Breast Milk May Provide Method for Early Detection of Breast Cancer
Analysis of cells in a mother’s breast milk may yield earlier detection of breast cancer. According to researchers from the University of Massachusetts Amherst, examining breast milk may show signs of elevated breast cancer risk at an earlier age, especially among women who are not currently receiving mammograms or other screening. The research on the subject was recently presented at the 102nd annual meeting of the American Association for Cancer Research in Orlando, Florida.
According to lead researcher Kathleen Arcaro, because approximately 80 percent of women give birth at some point in their lives, a method of non-invasive testing such as that of analyzing breast milk for early indicators of heightened breast cancer risk could provide earlier screening than is currently available for the majority of women. In addition, screening would be available during pregnancy and lactation, which are times when diagnosing breast cancer can be difficult. Although other methods for assessing cancer risk such as ductal lavage and nipple aspiration are available, they are not only invasive, but also provide only tens to hundreds of cells for examiniation in comparison to the millions provided by collecting breast milk samples.
Through the analysis of the epithelial cells contained in breast milk, it may become possible in the future to assess the breast cancer risk of an individual mother. Epithelial tissues line the cavities and surfaces of structures throughout the body, and epithelial cells provide various functions including secretion, selective absorption, protection, transcellular transport and detection of sensation. The epithelial tissue layer lies on top of connective tissue joined by a membrane. This layer of tissue is composed of tightly clustered cells and receives nourishment from the underlying connective tissue, through the membrane. Therefore, the epithelial cells found in breast milk can harbor genetic changes that are linked to breast cancer.
For their study, the researchers collected breast milk samples from about 250 women undergoing breast biopsy (for tissue samples to be removed and sent for diagnostic testing to rule out the possibility of cancer occurrence). The scientists then tested DNA from breast cancer cells, searching for specific changes in three genes.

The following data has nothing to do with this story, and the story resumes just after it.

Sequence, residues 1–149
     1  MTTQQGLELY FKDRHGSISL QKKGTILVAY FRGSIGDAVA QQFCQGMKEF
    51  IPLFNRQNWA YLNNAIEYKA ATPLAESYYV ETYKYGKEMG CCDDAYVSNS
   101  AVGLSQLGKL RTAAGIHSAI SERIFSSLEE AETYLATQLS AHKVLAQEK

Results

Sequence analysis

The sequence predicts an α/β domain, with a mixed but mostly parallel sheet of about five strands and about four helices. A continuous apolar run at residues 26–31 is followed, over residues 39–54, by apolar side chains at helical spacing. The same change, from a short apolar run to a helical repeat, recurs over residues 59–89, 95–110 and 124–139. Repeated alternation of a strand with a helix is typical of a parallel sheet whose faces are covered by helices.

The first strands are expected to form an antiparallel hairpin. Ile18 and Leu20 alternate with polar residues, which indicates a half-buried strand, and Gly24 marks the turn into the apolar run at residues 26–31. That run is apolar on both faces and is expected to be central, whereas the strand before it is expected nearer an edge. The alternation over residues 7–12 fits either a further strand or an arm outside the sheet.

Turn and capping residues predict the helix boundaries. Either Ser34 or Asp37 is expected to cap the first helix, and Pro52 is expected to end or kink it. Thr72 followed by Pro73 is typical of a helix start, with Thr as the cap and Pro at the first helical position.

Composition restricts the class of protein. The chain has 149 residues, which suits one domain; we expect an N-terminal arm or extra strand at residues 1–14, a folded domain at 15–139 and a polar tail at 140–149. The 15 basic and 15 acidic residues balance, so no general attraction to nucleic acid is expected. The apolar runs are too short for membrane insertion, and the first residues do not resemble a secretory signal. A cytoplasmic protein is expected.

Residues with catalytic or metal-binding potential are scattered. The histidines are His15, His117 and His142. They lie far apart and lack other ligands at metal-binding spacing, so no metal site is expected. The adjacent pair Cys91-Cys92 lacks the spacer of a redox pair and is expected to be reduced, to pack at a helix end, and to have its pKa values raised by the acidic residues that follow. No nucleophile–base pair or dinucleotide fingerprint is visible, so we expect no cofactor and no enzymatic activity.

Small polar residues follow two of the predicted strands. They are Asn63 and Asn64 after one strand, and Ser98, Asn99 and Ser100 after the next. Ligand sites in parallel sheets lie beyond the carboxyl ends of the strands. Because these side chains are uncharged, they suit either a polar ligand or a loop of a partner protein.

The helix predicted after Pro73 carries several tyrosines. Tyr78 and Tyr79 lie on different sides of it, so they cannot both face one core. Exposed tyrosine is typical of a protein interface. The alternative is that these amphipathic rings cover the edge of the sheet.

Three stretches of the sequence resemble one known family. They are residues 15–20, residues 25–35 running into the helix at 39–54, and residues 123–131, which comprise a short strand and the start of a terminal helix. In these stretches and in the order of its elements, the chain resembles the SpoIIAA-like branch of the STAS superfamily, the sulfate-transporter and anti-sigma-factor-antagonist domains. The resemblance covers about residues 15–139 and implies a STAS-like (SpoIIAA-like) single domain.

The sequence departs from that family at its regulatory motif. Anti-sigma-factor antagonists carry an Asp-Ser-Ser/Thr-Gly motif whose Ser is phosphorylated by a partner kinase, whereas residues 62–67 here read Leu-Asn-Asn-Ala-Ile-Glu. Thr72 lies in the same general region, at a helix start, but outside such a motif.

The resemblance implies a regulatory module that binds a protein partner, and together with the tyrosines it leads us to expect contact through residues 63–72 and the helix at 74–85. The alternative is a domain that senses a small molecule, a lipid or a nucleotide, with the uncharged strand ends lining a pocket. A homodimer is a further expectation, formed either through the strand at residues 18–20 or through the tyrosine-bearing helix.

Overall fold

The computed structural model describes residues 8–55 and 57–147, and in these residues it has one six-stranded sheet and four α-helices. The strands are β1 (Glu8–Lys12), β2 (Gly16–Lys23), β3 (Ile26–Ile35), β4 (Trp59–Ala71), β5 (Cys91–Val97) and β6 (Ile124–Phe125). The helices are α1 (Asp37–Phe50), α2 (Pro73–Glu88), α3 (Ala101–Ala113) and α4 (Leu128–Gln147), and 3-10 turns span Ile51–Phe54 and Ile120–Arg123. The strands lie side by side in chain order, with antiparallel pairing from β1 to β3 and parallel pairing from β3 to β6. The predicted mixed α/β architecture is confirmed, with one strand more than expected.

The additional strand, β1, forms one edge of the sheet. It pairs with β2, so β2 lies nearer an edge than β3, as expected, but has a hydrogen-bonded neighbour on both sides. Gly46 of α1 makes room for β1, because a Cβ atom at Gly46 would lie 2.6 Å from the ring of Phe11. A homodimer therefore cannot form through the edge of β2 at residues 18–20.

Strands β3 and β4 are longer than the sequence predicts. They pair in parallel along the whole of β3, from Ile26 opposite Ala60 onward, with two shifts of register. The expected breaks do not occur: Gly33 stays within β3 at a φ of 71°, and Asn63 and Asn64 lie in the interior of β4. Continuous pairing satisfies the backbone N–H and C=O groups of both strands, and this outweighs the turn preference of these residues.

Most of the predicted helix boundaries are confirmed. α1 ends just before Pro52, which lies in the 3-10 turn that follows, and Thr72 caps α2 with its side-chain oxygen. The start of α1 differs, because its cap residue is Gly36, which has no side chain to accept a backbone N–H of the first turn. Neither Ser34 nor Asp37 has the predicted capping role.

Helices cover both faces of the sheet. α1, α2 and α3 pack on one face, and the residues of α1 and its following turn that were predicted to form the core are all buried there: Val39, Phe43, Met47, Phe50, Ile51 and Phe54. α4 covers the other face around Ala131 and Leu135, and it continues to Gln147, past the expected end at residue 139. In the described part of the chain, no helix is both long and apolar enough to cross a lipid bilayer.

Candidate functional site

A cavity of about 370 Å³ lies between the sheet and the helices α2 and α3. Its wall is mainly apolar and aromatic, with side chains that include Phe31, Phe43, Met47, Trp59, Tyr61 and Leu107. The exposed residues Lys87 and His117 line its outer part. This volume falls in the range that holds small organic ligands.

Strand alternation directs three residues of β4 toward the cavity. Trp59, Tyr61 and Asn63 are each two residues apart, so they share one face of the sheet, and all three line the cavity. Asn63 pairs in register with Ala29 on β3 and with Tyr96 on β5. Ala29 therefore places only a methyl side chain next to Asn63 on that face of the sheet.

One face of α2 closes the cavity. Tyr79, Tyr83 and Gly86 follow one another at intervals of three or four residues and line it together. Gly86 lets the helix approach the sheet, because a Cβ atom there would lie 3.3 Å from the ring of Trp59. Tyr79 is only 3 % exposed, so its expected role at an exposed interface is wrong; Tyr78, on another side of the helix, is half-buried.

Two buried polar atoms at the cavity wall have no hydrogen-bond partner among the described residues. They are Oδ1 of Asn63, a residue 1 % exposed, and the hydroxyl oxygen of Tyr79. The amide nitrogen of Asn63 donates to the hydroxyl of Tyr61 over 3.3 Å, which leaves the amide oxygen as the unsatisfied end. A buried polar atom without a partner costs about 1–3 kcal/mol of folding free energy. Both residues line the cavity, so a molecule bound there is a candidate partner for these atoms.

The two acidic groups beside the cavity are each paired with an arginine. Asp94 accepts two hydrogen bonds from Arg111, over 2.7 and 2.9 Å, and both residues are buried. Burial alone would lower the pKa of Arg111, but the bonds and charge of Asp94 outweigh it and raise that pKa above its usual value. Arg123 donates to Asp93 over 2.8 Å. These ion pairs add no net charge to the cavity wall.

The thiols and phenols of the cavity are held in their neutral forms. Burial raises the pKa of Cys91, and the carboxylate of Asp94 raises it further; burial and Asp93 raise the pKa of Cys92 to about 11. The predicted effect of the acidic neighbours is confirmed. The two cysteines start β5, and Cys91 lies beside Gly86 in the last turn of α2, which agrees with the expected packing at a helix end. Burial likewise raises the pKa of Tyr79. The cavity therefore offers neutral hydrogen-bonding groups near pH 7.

Among women whose biopsies revealed early signs of breast cancer, one of the gene types examined was found have been significantly altered by a process known as methylation. However, these altered genes were not found in the breast milk of women having low-risk, non-malignant breast abnormalities.
Arcaro noted that although their initial study was small it was “sufficient to tell us that we can use the cells in breast milk to assess breast cancer risk” and that further studies are now under way. She also pointed out that the key to breast cancer prevention is the early detection of methylation in breast tissue because methylation is reversible.
Arcaro further commented, “This in itself is not enough; we need to look at a larger panel of genes. But to find these methylation differences between biopsied and non-biopsied breasts when we only looked at three genes is very interesting and encouraging. We’re seeing differences not related to lactation or pregnancy. It clearly suggests that looking at a larger panel of genes would allow us to assess risk much more accurately, which leads to earlier detection of changes. A woman might be able to have her breast milk tested when she has a baby at age 25 or 30 and put her mind at ease, or give her an early warning.”
Almost 200,000 women are diagnosed with breast cancer each year, with over 40,000 dying from the disease annually. Although for now, a mammogram remains to be one of the best screening methods available for the early detection of breast cancer, Arcaro hopes that someday every woman who gives birth in a hospital will have her breast milk screened for cancer as a matter of course. If that day comes, she stated, “We’ll take a little sample of colostrum (milk produced in during the late stages of pregnancy), and we’ll tell her how her breasts are doing. It’s totally non-invasive, potentially inexpensive, and really accurate.”